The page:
Connect with us


Encryption: A Powerful Way to Achieve Citizen Privacy with High Economic Gains

Digitized systems represent incredible opportunities for efficiency and growth, but they also create vulnerabilities. The exponential growth of the internet is driving an increase in the risk factors associated with daily threats to sensitive information, the financial system and vulnerable devices/infrastructure. Encryption, the method of transforming data by a cryptographic algorithm to produce ciphertext, i.e. to hide the information content of the data, has been a longstanding way for sensitive information to be protected. Undoubtedly, encryption is at the core for the functionality of critical sectors such as critical sectors such as finance, health and, information and communications. A privacy-enhancing tool for citizens, encryption is an enabler of human rights reflecting societal value to state and citizenry alike as it helps shield citizens and companies from fraud, hacking, and corporate espionage by safeguarding everything from financial transactions to everyday consumer devices.

Incidents such as the Greek Watergate scandal (Spinellis and Prevelakis, 2007) and the most recent data breach involving Air India, Domino’s and Big Basket which compromised the emails and passwords of hundreds of Union government ministers, exposing them to cyber threats. These all serve as potent reminders of the importance of properly securing our ever-expanding digital world. Strong encryption is our best tool in the 21st century for ensuring that the damage and costs of cyberattacks, data breaches, and other types of exposure remain minimized.

Back in 2018, Australia passed an aggressive encryption bill that gives the government’s security and intelligence agencies the legal authority to compel tech companies to break their encryption. The tech companies are required to provide law enforcement and security agencies with access to encrypted communications. However, the bill has significantly degraded the global reputation of the Australian tech sector, as there is a notion that the Act will degrade industry’s ability to secure customer data and place their employees at individual peril. So, nations across the globe need to take a more positive approach to encryption.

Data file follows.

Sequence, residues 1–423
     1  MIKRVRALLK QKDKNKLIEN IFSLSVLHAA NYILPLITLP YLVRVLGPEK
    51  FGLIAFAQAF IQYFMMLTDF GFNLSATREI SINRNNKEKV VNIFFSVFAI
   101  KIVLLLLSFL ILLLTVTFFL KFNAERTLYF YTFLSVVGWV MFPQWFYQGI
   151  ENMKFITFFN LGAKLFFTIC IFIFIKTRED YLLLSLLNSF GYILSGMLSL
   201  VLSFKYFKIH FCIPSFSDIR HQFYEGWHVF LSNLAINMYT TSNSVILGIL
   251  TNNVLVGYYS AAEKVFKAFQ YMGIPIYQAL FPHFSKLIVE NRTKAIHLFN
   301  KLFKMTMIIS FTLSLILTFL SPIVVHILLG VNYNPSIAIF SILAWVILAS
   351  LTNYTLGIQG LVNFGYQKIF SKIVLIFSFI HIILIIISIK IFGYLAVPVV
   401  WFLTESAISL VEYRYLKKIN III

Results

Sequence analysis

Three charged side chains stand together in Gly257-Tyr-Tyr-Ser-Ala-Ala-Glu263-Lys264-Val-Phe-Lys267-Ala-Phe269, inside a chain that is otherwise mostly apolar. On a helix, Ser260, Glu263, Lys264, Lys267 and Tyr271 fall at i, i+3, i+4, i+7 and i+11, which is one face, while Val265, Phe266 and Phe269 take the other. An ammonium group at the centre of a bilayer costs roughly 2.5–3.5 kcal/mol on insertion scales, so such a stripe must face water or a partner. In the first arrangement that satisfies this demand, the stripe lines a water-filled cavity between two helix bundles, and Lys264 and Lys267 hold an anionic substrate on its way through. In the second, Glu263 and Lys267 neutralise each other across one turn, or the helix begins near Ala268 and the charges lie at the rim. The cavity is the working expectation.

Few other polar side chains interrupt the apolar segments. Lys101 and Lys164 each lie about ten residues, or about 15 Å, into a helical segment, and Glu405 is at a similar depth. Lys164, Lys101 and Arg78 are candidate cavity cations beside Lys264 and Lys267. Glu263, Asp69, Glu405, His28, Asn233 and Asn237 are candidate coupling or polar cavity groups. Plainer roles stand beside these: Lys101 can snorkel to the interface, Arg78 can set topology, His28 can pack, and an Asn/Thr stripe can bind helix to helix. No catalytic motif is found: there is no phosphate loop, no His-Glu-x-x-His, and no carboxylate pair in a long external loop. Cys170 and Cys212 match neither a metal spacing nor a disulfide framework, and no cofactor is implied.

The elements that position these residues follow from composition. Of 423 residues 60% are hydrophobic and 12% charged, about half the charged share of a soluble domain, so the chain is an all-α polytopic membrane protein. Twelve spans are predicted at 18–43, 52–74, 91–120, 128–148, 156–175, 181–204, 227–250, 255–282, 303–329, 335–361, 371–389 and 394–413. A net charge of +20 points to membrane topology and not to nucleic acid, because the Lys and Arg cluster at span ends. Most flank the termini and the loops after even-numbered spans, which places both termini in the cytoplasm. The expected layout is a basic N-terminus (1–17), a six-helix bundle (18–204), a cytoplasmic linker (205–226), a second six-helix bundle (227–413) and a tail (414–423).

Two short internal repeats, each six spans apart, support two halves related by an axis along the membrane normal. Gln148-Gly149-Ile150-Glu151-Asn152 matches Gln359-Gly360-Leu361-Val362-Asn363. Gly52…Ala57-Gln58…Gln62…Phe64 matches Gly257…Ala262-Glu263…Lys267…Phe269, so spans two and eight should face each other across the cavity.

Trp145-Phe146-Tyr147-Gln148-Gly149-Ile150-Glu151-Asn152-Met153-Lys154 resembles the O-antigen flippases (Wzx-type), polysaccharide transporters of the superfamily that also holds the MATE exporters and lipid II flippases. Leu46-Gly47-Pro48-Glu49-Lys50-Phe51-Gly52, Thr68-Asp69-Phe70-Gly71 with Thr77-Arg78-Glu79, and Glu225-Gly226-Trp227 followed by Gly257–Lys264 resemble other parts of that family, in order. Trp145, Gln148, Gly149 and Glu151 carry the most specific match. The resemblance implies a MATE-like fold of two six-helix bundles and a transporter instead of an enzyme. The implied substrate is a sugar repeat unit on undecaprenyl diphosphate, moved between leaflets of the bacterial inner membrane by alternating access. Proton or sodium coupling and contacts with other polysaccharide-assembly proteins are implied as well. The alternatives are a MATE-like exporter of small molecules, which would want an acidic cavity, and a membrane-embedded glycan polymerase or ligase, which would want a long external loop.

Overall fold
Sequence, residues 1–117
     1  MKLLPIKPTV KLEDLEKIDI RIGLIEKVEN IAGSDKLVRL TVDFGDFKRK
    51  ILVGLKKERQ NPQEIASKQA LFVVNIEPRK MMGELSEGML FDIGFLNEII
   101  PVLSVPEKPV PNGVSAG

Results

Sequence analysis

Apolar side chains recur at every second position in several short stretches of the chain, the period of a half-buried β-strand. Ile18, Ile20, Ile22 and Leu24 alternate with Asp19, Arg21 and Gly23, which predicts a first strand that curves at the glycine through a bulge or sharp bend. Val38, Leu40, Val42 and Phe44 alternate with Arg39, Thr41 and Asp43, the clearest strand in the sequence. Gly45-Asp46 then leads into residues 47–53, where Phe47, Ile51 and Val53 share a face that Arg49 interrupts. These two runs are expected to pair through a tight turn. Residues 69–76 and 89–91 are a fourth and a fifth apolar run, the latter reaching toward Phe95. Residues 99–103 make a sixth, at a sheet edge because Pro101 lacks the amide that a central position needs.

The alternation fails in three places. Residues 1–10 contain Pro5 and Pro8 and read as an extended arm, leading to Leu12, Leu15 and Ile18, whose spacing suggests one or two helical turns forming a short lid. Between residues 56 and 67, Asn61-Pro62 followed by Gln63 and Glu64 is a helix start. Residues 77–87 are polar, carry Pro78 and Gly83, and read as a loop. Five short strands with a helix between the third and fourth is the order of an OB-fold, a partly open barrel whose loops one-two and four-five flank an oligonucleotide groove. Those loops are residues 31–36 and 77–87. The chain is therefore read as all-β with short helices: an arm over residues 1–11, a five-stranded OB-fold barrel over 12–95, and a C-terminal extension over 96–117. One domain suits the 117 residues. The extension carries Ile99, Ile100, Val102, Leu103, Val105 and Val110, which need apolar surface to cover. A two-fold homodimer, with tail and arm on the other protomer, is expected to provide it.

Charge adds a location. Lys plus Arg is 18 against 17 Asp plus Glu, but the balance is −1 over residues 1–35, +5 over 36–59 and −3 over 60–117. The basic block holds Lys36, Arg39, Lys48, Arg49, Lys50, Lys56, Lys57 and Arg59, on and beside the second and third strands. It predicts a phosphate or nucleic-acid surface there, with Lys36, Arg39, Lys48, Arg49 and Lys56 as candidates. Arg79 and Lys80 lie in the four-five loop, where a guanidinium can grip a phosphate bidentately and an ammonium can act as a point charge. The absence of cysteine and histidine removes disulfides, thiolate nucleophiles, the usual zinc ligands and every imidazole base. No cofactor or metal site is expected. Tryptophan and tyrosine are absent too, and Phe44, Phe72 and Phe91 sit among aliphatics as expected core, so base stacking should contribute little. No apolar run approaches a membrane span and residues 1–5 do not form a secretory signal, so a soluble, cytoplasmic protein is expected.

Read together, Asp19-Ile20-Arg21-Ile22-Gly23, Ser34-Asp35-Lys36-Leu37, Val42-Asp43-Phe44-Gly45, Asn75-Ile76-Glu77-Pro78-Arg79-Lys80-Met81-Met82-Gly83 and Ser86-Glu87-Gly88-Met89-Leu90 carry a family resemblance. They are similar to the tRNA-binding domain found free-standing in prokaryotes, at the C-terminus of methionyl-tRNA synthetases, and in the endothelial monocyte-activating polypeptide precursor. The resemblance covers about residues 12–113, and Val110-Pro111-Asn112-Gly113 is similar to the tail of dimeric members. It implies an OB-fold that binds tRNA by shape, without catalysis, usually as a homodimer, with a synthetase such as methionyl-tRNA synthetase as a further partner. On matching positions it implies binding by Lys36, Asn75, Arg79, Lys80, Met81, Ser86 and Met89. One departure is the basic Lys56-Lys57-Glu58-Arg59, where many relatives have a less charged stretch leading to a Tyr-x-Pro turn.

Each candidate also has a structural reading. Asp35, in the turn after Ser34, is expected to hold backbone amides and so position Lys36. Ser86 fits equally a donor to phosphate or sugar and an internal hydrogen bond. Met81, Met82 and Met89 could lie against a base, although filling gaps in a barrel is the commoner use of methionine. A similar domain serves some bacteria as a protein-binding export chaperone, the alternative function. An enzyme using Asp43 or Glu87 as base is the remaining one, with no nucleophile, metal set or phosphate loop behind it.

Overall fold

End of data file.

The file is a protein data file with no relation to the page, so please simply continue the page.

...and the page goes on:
Despite national security benefits, encryption has been viewed negatively by law enforcement as a barrier to investigation, and a threat to national security and public order. The debate, initially a clash between privacy and national security, has now shifted to security versus security debate. Aapti, a public research institute that works on the intersection of technology and society, examines the ways in which people interact and negotiate with technology both offline and online. In Nov 2021, Aapti published a report, “Unpacking Social and Economic Gains from Encryption”. As per the report, encryption must not only be viewed through the narrow lens of national security, but from a broader perspective capturing its economic and societal value. For the nation, encryption boosts national economy, national security, and is an enabler of human rights. For the citizen, encryption is a tool protecting the right to privacy and free speech, and allows availing of a plethora of services and products enhancing consumer satisfaction. For the firm, encryption facilitates user trust and accelerates product innovation.